The authorization allows American Robotics to deploy its Scout drone system with acoustic Detect-and-Avoid (DAA) technology that enables drones to maintain a safe distance from other aircraft.
Company officials say its drone-based aerial intelligence platform will be able to operate safely in the National Airspace System (NAS), even when it conducts flights Beyond-Visual-Line-of-Sight (BVLOS) of the operator.
Each Scout drone “lives” within a weatherproof base station which enables autonomous charging, data processing and analysis at the edge, and data transmission. Once installed in the field, all facets of Scout’s operation are automated, unleashing the drones to gather and analyze ultra-high-resolution data multiple times per day for multiple years without human interference.
The Scout System consists of three primary components:
- Scout – an autonomous, AI-powered unmanned aircraft with advanced imaging payloads.
- ScoutBase – a weatherproof base station that serves as the nerve center and communication hub for Scout. ScoutBase autonomously houses and charges Scout, processes the raw data collected on each flight, and transmits the analyzed information to American Robotics’ cloud-based data centers.
- ScoutView – a secure web portal and API which enables remote interaction with the system, data, and resulting analytics anywhere in the world.
“With these approvals, American Robotics is ushering in a new era of widespread automated drone operations,” said Reese Mozer, CEO and co-founder of American Robotics.
“Decades worth of promise and projection are finally coming to fruition. We are proud to be the first company to meet the FAA’s comprehensive safety requirements, which had previously restricted the viability of drone use in the commercial sector. We are very grateful for the FAA’s willingness to work closely with American Robotics over the past four years on this precedent-setting authorization. With this set of approvals, American Robotics can begin safely operating our automated Scout platform for the benefit of the energy, infrastructure, agriculture, and security market verticals, helping unlock the projected $100 billion commercial drone market.”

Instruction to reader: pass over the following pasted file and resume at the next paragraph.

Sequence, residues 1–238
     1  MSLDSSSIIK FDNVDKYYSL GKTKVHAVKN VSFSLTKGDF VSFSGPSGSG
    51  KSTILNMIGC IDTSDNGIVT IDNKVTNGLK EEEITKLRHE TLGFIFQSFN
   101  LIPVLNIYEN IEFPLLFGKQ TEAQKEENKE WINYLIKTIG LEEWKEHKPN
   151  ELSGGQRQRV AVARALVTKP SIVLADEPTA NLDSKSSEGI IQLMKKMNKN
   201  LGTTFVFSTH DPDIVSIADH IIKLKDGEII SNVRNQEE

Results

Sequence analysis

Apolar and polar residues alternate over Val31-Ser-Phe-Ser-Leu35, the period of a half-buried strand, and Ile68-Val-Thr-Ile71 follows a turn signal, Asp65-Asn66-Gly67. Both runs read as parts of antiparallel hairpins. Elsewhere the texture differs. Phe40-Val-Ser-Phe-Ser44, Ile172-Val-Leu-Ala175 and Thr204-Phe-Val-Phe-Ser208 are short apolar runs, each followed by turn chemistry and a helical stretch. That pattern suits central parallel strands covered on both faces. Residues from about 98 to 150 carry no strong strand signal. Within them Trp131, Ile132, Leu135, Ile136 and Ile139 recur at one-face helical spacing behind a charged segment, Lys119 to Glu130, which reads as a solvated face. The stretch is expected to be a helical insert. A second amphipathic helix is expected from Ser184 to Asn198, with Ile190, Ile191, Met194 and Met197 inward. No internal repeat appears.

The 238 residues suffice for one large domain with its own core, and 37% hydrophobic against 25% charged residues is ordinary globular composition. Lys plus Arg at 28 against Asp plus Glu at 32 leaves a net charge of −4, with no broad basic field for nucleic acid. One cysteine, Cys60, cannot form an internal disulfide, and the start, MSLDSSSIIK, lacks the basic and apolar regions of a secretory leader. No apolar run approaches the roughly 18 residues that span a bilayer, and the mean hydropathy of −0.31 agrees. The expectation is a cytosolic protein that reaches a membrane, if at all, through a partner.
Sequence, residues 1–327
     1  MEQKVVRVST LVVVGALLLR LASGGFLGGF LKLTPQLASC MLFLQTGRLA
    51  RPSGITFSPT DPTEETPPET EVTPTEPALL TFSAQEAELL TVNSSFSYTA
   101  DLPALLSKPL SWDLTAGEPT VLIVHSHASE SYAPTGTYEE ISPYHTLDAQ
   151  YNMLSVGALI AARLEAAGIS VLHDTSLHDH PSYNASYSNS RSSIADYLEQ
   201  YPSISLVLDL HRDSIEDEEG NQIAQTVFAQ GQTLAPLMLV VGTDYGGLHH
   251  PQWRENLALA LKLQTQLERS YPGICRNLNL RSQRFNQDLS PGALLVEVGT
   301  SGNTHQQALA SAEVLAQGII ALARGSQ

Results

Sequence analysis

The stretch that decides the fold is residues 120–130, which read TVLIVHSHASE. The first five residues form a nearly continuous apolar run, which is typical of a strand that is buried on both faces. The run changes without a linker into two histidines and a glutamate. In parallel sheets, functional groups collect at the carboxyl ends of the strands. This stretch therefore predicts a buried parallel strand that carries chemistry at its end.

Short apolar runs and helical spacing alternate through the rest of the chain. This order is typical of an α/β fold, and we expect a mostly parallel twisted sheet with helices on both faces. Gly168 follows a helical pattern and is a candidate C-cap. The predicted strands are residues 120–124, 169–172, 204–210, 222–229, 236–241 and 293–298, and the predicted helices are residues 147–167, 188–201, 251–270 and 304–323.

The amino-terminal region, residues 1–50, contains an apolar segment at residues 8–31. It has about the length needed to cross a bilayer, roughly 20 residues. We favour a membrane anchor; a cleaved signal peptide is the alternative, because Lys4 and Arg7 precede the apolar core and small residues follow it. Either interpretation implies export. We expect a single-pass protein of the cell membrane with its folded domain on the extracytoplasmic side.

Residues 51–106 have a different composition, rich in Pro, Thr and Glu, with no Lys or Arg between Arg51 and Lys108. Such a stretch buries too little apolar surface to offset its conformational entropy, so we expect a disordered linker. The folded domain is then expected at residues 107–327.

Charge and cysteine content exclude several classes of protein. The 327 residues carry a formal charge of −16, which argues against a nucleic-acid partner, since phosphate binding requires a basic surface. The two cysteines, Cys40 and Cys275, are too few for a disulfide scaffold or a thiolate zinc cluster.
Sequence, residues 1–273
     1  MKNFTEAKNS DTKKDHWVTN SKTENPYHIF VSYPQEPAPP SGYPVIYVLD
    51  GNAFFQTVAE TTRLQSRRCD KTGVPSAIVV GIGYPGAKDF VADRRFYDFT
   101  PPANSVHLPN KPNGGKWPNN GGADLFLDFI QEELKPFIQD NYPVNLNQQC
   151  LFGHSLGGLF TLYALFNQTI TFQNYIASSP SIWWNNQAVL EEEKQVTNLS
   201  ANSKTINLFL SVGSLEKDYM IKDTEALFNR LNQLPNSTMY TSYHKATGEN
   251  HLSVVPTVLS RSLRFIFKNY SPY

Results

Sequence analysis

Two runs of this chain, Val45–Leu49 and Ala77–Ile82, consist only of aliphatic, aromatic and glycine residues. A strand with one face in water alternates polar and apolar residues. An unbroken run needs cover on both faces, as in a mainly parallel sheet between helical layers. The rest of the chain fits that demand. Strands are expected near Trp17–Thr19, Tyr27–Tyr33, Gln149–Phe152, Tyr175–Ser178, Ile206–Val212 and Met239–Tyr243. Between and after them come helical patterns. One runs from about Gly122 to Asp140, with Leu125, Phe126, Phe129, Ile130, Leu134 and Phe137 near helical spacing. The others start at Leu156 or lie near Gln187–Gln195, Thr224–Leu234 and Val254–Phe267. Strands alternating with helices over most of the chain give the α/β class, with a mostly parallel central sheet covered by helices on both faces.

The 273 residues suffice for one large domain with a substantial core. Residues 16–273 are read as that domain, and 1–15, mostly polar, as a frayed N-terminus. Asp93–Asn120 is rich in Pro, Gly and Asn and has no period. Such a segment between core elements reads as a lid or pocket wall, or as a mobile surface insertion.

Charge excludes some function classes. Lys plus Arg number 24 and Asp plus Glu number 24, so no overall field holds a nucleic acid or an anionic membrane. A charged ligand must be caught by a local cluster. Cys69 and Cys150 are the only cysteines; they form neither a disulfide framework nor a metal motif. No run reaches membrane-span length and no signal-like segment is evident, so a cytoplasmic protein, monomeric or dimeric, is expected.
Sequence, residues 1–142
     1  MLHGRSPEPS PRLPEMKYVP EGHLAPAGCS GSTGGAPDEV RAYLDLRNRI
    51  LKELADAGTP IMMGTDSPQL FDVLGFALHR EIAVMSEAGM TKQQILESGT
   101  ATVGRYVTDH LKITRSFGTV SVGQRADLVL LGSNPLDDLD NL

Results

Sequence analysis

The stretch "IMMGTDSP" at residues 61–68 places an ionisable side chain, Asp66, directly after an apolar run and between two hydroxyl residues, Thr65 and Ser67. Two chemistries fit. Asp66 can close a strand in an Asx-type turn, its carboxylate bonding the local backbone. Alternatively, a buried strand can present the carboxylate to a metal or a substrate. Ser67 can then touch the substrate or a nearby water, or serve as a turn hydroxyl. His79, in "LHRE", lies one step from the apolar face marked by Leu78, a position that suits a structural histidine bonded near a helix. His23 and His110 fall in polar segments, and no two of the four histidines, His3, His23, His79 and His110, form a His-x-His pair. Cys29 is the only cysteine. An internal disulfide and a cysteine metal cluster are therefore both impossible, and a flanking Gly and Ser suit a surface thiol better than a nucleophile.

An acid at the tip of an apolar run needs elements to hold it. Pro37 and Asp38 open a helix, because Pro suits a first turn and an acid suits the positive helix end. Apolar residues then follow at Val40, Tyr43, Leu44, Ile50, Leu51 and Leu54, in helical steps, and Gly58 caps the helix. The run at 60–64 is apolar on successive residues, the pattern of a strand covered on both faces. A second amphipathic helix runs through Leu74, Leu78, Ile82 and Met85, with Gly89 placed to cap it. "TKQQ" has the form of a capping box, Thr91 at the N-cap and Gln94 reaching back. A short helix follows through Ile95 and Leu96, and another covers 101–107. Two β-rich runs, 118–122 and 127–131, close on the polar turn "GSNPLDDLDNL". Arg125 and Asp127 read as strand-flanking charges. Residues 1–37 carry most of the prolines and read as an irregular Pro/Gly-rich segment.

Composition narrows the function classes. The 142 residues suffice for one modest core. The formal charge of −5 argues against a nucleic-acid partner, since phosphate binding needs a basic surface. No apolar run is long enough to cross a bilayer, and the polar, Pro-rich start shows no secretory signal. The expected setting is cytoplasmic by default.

Lisa Ellman, Partner and Chair of the Global UAS Practice at Hogan Lovells, and Executive Director of the Commercial Drone Alliance added: “The commercial drone industry is growing quickly and providing significant benefits to the American public but enabling expanded operations beyond visual line of sight is critical for the industry to truly take off.”
“Automated BVLOS operations are particularly important to opening the commercial sectors to the drone economy, including the agriculture and industrial verticals. Key to these operations is the use and FAA acceptance of new and innovative safety technologies, such as detect and avoid (DAA) sensors and software-enabled automation. American Robotics’ groundbreaking and exciting FAA approval is an important and significant step forward for the commercial drone community as a whole.”
Jason is a longstanding contributor to DroneLife with an avid interest in all things tech. He focuses on anti-drone technologies and the public safety sector; police, fire, and search and rescue.
Beginning his career as a journalist in 1996, Jason has since written and edited thousands of engaging news articles, blog posts, press releases and online content.
Subscribe to DroneLife here.